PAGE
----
“The issue of affordable housing has thrown a spotlight on The Chauncey building—which will hold both commercial spaces for area business and luxury housing units. The city plans to pay &1 million to set aside five units of affordable housing in the complex (the remaining units will be luxury condos and apartments).”

That is the official solution for the housing problem, really? We the public will pay a million dollars to get five more units of affordable housing in this town. We are being fleeced. I sometimes feel like this town has been taken over. If the local government isn’t serving most of the local population, then who is it serving?

6 thoughts on “TIFs, Gentrification, and Plutocracy

  1. It’s actually far worse in the bigger cities.

    New homes have purchase prices that mean that people will be in mortgage debt until after retirement. Apartments too have rents that are not affordable for most people.

    I suspect that map you linked previously is a matter of the fact that young people cannot afford to live in the Northeast. I’m surprised that this has not yet happened on the West Coast, perhaps due to the vibrant technology sector.

    There are other problems. In some cases it is a lack of space. The only solution is to build up I fear.

    • Many things are different in the largely rural farming states. Iowa City, like most towns in the area, is surrounded by farmland. Iowa for the most part doesn’t do crowded urbanization. What goes for a big city here would be considered puny by coastal standards.

      In theory, there is plenty of housing in Iowa and plenty of land to build housing. But in reality, most of the affordable housing and affordable land is in rural areas where the jobs have been disappearing, So, to save money, many people choose to live in old farm houses or in small rural towns, from where they commute long distances.

      They have few other options. But could you imagine driving an hour or longer in order to get to your minimum wage job at Walmart?

      Buuilding out isn’t a problem here. The problem is that the poor working class hardly can afford any housing at all. Where the jobs are the cheap housing isn’t, but there also isn’t much well-paying work with good benefits. The poor would gladlly build out or up, if they could afford it.

    • As people flee the poor rural areas, the remaining permanent underclass becomes a stark reality not easily ignored. That is even more true in a place like Appalachia, but the rural Midwest isn’t far behind. There are also those fleeing the inner cities to towns like Iowa City in the hope life will be better. Americans are fleeing in nearly all directions, although obviously few are heading to the rural areas.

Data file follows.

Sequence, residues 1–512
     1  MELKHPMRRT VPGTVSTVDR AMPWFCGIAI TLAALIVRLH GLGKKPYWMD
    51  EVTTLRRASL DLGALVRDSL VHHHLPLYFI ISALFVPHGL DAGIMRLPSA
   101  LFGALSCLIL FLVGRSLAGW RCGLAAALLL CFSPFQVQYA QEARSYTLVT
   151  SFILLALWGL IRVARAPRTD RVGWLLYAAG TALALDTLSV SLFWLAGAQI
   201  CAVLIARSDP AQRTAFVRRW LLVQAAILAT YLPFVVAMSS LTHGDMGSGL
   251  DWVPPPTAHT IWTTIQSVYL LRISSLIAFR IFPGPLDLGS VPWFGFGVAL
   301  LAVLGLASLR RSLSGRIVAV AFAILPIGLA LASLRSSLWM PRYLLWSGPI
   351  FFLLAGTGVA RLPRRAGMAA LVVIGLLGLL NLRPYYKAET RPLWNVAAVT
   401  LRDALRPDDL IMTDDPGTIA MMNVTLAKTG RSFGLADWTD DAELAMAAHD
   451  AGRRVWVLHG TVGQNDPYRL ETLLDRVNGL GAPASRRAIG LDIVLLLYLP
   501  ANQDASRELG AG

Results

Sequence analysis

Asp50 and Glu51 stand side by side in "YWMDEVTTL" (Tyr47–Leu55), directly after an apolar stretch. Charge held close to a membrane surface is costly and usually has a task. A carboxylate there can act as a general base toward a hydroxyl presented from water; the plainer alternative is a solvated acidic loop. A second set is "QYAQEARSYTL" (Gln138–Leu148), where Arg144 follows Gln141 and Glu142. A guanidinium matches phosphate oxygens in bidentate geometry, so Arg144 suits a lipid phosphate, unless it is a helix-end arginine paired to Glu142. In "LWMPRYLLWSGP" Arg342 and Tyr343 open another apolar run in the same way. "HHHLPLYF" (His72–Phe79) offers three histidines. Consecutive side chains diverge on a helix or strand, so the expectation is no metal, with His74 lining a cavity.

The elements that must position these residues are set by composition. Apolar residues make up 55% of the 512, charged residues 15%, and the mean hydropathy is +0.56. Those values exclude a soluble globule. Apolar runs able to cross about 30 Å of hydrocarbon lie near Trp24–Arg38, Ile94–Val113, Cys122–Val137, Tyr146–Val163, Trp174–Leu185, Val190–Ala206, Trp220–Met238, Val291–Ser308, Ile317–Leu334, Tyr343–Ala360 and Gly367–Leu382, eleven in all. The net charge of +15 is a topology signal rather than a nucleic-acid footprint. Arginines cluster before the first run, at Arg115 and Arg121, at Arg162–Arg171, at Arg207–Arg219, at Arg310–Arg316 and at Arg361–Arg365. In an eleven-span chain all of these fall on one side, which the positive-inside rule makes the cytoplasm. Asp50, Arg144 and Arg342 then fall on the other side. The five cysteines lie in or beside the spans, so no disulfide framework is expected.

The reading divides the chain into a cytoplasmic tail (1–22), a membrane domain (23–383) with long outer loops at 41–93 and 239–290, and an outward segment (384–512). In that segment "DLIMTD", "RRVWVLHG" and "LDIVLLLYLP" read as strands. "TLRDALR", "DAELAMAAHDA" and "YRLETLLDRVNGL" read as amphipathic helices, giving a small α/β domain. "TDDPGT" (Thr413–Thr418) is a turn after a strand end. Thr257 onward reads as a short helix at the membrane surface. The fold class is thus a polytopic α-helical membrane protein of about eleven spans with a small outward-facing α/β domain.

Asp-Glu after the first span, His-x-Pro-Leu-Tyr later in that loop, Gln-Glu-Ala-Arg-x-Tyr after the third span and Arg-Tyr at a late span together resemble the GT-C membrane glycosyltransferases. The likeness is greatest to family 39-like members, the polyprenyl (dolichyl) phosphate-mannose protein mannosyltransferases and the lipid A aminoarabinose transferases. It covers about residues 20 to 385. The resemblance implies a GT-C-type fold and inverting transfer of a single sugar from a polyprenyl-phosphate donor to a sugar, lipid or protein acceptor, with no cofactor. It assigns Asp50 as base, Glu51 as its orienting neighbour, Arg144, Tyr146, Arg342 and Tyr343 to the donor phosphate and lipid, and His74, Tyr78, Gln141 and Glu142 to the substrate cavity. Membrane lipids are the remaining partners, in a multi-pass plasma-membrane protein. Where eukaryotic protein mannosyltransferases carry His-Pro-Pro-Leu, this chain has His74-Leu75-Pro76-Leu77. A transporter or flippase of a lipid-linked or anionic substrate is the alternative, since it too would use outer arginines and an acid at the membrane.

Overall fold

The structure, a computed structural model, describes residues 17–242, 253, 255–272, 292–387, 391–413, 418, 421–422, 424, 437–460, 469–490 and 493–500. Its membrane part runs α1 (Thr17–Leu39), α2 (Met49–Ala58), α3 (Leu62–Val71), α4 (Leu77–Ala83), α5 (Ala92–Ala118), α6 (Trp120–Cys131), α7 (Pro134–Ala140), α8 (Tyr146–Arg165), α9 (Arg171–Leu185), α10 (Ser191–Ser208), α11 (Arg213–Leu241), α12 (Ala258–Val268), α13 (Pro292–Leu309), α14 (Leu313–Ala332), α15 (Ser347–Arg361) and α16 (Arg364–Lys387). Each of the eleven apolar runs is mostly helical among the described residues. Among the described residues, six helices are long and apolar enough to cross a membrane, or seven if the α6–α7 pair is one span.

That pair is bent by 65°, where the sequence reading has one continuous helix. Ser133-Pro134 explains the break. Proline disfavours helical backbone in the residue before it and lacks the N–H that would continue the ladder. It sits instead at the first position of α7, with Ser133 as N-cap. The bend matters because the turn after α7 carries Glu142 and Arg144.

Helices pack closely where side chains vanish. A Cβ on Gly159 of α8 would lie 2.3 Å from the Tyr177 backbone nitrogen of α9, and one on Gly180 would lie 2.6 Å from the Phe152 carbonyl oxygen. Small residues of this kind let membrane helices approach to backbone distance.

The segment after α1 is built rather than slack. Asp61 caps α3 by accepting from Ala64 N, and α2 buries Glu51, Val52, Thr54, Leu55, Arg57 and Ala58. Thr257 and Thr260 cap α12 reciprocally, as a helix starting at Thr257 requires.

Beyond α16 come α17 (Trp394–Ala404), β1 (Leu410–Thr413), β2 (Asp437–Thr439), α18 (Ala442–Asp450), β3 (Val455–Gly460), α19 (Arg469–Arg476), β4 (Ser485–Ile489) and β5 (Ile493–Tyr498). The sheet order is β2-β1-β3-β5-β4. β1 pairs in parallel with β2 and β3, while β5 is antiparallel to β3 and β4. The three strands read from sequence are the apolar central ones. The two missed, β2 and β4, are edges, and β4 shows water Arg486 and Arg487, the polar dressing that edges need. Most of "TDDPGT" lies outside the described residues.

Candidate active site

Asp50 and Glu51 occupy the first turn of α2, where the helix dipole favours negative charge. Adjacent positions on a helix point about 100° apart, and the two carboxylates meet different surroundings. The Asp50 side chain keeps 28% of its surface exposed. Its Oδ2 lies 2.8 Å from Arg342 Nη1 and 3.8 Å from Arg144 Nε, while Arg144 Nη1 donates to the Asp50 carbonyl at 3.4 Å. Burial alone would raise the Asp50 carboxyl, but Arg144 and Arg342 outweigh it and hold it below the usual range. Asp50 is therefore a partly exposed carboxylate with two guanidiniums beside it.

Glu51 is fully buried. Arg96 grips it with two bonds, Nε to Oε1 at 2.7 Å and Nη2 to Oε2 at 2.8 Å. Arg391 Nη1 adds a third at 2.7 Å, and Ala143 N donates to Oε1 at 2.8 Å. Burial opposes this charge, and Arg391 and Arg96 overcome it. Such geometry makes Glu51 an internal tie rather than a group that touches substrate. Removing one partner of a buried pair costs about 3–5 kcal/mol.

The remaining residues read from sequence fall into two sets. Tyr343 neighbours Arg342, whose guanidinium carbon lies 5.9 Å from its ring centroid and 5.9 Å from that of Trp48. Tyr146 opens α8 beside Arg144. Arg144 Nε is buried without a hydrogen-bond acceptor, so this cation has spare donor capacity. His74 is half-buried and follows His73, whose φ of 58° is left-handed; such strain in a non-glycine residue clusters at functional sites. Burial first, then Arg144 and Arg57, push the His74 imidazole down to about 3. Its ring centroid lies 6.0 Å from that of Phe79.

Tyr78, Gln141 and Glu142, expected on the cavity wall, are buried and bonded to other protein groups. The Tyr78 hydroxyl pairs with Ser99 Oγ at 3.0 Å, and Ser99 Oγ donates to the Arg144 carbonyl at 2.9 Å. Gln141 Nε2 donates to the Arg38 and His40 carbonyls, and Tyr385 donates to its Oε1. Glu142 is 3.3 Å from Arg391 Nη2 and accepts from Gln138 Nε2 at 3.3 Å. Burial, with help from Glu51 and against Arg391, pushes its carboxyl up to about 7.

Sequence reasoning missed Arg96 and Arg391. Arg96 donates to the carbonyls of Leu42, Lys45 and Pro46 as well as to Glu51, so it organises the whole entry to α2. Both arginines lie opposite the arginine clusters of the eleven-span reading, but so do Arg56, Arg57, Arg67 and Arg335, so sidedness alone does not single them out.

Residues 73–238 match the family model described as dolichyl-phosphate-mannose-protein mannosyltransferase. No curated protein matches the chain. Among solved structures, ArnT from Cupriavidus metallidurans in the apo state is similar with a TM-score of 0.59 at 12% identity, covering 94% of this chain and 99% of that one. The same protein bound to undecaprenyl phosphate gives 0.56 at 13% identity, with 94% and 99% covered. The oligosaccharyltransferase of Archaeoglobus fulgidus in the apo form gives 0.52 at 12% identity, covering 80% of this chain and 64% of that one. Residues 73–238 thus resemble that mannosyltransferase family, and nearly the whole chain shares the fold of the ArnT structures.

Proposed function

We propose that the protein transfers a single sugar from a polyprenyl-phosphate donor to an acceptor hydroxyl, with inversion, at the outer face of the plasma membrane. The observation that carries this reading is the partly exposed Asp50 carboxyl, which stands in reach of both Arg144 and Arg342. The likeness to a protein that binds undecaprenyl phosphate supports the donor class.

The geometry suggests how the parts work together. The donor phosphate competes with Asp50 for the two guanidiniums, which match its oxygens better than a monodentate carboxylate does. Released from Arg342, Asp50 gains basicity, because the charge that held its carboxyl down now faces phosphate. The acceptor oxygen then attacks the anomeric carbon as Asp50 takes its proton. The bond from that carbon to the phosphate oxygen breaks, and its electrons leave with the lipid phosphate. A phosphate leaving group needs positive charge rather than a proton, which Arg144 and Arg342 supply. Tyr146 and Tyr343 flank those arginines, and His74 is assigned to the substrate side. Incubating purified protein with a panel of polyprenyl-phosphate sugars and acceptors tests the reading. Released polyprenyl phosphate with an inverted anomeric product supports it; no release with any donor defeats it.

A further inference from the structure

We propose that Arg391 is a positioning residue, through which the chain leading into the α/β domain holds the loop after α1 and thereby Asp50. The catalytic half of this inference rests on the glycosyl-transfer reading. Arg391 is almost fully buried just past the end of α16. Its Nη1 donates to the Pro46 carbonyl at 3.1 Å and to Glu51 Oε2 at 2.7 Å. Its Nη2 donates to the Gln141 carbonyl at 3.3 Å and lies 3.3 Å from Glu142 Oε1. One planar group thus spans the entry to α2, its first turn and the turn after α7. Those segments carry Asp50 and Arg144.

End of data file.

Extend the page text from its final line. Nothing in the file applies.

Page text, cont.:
With the permanent underclass, there is nowhere for them to flee. They are stuck. They live wherever they find themselves and they find whatever work they can, but it ain’t easy. Being unemployed is difficult no matter where you live and unemployment is rampant everywhere.

      Many Ameericans are unemployed with little hope of employment. They are the permanent underclass partly because many of them are permanently unemployed or underemployed or just underpaid. For those unlucky to be unemployed, a small number get caught by the safety net, at least temporarily. For those lucky enough to be employed at all, a signficant number are living paycheck to paycheck.

      They are in an impossible situation. They can’t find good work nor can they afford housing and transportation costs. They are always cutting something out of necessity, often skipping meals or not paying bills on time.

      Few politicians care about these people. No one is likely to use a TIF to ensure they have access to affordable housing and shopping.

  2. It’s known as the poverty trap. In the developing world, it’s an endemic problem, but increasingly, it seems to be happening in the developed world as well.

    The rural areas are looking very grim in their future indeed, at least in some areas. In many cases, many towns have only one major employer. If that goes, then the town is more or less in trouble. That happened a lot with manufacturing.

    Granted, some of it was self-inflicted, but the overwhelming majority of the problems here were inflicted by the top 0.1%. Their genius as Gore Vidal famously noted was that they managed to get people to vote and act against their own long-term best interests.

    It’s the product I fear of runaway capitalism, as is the soaring inequality.